Americus Communications is buying translator W219DF/91.7 (Marshfield) from Edgewater Broadcasting for $20,000. Americus is owned by Rick Muzzy, who owns WSPT/1010 and WSPT-FM/97.9 (Stevens Point), though the application to transfer the license states it will relay WGNV/88.5 (Milladore). The translator would have to be moved ot 92.1 or higher to relay a commercial station. The deal does not include any equipment, just the license. (1/10/2011)
WISS/1100 (Berlin) has applied to ugpgrade to 50kW day and 20kW critical hours (the hours after sunrise and before sunset). The daytime-only station currently uses 2.5kW day and 1.6kW critical hours. The station would add a second tower and use a directional pattern limiting the signal to the southeast, but the signal strength to the Oshkosh and Appleton would increase. (1/9/2011)
Jeffrey G. Dress is giving translators K274BH/102.7 (Valley City, ND) and K263AW/100.5 (Pierre, SD) to Lance Knudson. An application to transfer the licenses states there is no written agreement and no consideration is being exchanged. K274BH relays KXGT/98.3 (Carrington) and K263AW relays KPLO/94.5 (Pierre). (1/10/2011)
Christian network My Bridge Radio is buying the construction permit for new station KSSH/91.3 (Shubert) from Ron Elmore Ministries for $2,800. The payment will be forgiveness of a 2008 payment agreed to by the two organizations. The station is in far southeastern Nebraska and will use 2kW/185m (class C3). (1/10/2011)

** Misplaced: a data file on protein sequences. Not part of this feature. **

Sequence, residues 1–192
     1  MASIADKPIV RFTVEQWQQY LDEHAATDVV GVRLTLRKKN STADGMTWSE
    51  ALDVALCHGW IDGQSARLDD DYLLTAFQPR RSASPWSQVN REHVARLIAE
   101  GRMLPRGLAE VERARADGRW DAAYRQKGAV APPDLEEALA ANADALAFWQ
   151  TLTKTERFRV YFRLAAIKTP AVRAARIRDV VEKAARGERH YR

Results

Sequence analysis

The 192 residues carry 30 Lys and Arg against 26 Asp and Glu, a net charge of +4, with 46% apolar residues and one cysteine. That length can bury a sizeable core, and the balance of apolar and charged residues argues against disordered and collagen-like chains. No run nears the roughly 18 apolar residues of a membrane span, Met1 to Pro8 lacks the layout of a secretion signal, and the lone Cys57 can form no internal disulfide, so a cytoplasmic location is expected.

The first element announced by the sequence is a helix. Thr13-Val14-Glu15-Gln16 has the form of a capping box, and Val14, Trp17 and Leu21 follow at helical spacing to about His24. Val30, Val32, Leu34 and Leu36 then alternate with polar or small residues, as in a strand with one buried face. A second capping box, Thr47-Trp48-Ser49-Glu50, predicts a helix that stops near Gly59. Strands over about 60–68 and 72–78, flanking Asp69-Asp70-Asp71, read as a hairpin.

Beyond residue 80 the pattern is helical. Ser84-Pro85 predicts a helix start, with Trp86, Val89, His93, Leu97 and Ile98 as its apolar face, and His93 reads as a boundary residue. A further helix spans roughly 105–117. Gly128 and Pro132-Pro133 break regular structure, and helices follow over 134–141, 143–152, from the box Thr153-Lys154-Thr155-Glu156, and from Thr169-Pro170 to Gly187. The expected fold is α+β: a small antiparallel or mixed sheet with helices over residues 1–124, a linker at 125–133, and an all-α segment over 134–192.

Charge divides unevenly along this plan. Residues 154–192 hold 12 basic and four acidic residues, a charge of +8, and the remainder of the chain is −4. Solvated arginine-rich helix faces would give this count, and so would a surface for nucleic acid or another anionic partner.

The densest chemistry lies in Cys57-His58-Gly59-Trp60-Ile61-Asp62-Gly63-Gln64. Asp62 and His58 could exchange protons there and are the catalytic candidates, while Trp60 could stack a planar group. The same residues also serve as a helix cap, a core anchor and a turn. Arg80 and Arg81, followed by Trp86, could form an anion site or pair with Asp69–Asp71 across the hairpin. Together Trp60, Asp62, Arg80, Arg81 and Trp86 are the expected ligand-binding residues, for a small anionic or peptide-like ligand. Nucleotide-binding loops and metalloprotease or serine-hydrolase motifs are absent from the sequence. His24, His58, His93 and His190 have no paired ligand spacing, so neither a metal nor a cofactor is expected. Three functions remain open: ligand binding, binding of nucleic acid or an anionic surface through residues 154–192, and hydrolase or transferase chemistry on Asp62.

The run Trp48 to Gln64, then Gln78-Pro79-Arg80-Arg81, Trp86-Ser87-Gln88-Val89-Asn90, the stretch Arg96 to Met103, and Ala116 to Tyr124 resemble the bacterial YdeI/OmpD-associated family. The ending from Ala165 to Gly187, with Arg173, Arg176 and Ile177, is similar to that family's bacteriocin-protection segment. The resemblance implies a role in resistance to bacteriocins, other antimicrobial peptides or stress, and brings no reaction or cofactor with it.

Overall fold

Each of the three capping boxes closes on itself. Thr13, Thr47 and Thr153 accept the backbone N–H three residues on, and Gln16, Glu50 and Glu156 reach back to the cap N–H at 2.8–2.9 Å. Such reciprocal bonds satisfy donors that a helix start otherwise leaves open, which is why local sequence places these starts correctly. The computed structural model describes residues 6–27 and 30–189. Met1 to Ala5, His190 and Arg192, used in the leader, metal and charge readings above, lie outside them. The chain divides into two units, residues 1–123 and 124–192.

There's more activity from future station WLWB/92.9 (New Holstein): the station has applied to change its community of license to Chilton, which would allow Woodward Communications to operate WLWB from its Appleton facility. FCC rules require main studios to be within 25 miles of the community of license, and New Holstein is a few miles too far from Appleton.
To backfill, WMBE/1530 (Chilton) has applied to change its community of license to New Holstein. WLWB's present owner, Metro North Communications, will pay WMBE owner Maszka-Pacer Radio $10,000. WMBE will not make any physical changes to its 250-Watt daytime-only facility.
Woodward is in the process of buying WLWB from Metro North for $1.2 million. WLWB's community of license change is an amendment to an earlier application to move its transmitter to a site two miles east of Stockbridge using 6kW/95m. (1/9/2011)
WZMQ (Marquette) has switched channel 19.2 to Antenna TV, dropping a mix of reruns and My Network TV. The MNT primetime lineup that had aired from 8-10 p.m. on 19.2 now airs on 19.1, which continues to carry ThisTV at other times. The move means DirecTV and DISH Network customers can no longer see the MNT lineup since only 19.2 is carried for WZMQ's satellite feed. 19.1 is seen on analog cable, while 19.2 is on digital cable.